Earlier this month, my class participated in discussions about transgender awareness week. We looked into the website provided by my school board which offered us many ideas of how we could learn and listen. Here is the website: Transweek Webpage The part of the mentioned website titled “Tips for Allies of Transgender People” was very helpful as it went over various situations many of us had found ourselves in before. The tips page can be found here: Tips These tips can be helpful for students, teachers, family members, etc. as many things we are currently doing could potentially be harmful for our trans students. Even something that we may think is as simple as “We are having a transgender week discussion today” to a trans student could be triggering.

Each student had a chance to write on a sticky note how they could be a supportive ally during transgender week this year. Here are the ideas from my grade 7/8 students:

  • Don’t assume, don’t say the wrong pronouns
  • Learn more about the history or Trans Awareness Week, be supportive and do not make any assumptions
  • Tell everyone about awareness and ask them to spread awareness 
  • Do not be violent or rude to transgender people 
  • Do not make assumptions about transgender people and  their sexual orientation 
  • Be nice, be friends and never ask someone if they are trans 
  • Ask pronouns before assuming genders 
  • Help raise awareness and visibility of transgender people and the issues their community faces 
  • Try not to be rude, everyone can be who they want to people, be careful not to mis gender someone
  • Treat everyone the same, let them be who they want to be, show them that you care and that they can live their life. Never make someone share unless they want to 
  • Respect the person’s boundaries about their pronouns, sexual orientation and how they represent themselves 
  • Believing everyone should be what they want, they have a choice and they should be themselves and we shouldn’t judge that 
  • Post about in a respectful way (hashtag, etc), never ask what someone’s “real name” or use the wrong pronoun, respect them and their gender, listen if they would like to talk about their gender
  • Don’t make assumptions and listen first
  • Be supportive, respectful and respect boundaries and pronouns

I thought all of these ideas were incredible and are a clear sign of how supportive and respectful this generation is. I am really trying to be respectful and diligent in making sure I do not miss any of the Awareness weeks this year. I even left a full period open in my schedule to discuss them each week. I sometimes find it challenging to try to make them all into a lesson so sometimes a discussion is all you need. Discussing these real world topics is so important and I find it is often the most rewarding part of the week.

Looking forward to sharing next time about how our survey project has revealed our December celebrations and how we will celebrate them all equally.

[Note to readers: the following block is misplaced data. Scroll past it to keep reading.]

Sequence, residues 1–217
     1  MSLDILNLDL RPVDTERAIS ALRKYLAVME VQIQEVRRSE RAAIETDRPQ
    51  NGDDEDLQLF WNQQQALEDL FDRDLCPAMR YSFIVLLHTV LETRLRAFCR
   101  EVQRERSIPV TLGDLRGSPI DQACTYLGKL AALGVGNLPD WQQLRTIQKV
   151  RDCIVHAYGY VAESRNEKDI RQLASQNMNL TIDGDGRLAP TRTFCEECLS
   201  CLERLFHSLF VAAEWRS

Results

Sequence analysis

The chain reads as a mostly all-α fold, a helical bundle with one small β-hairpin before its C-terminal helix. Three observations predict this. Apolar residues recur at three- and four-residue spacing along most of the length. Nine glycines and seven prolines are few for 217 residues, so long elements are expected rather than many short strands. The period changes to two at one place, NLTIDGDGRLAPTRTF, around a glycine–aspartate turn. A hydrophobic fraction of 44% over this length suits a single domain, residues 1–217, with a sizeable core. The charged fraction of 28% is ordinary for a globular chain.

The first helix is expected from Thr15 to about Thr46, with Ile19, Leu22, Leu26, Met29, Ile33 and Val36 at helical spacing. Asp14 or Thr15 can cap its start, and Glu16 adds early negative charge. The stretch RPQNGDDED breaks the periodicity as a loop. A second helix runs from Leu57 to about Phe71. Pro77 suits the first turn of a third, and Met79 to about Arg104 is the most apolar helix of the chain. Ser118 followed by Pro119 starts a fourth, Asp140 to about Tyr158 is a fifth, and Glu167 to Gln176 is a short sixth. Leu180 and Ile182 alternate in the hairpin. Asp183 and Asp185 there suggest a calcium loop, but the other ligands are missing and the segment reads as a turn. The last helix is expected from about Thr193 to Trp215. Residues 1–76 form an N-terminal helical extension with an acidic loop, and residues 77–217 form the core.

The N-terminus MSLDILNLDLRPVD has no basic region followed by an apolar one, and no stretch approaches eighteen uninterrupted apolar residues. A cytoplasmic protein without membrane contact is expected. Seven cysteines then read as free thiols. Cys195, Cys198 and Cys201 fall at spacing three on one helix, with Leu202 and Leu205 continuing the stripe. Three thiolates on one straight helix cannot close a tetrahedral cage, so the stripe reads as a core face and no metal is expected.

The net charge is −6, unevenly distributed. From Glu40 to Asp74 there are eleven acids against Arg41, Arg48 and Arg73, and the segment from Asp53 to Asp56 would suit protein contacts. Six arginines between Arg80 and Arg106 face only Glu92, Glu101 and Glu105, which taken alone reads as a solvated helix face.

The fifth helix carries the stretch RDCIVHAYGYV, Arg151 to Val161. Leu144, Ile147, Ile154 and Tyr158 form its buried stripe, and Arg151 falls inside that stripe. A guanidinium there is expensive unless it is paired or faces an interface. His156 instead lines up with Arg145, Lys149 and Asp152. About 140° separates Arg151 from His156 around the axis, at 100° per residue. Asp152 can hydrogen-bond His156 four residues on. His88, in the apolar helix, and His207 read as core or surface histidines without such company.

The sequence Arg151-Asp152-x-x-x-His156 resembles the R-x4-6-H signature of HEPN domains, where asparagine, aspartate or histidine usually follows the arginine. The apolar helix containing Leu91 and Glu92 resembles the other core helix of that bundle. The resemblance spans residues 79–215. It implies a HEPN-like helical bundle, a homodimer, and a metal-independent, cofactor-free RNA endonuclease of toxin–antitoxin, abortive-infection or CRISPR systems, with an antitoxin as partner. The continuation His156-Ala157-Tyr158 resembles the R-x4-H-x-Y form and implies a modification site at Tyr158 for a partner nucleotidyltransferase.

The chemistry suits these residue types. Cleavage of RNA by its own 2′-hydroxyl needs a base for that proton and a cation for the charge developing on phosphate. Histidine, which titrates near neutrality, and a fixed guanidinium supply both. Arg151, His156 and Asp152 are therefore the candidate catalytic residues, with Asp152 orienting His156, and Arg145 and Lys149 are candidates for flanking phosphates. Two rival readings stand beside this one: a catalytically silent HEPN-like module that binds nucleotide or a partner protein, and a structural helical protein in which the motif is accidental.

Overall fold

A Day To Listen

September is a busy month in schools as teachers get to know their students, learn new curriculum, set up classroom norms and some teachers even have to deal with reorganization by the end of the month. It has been an especially busy start for my class as many students are new to our school and some are returning back to the classroom for the first time in almost three years. Getting into a routine has been challenging as I know the routine is an important thing to establish in September.

Having said that, September is an important month about Truth and Reconciliation. As September 30th is Truth and Reconciliation Day, schools prepare differently to reflect as a community. Our school spent time considering a school-wide assembly filled with student created land acknowledgements, a video of all students sharing why they wear orange, various poems, Indigenous art and highlights from the 94 Calls to Action. We shared our thoughts with Indigenous members within our board and were asked to remind the school community that Orange “Every Child Matters” shirts should be worn all year not just on September 30th. They also shared other ideas to ensure our assembly was culturally appropriate.

Students in my class as well as many others started looking at the Land Acknowledgement and thinking about what it really meant. Students hear it on the announcements every day but may not actually understand the meaning of the words. Many students came up with really well written versions and were going to read them to the school.

However, our board sent out an email stating that we needed to avoid assemblies on September 30th and that it would be better to reflect and listen within our own classrooms so that we could support student responses within the classroom. We were asked to concentrate on classroom activities instead. We decided to have students read their land acknowledgements over the announcements and some staff shared their student-created videos by email instead.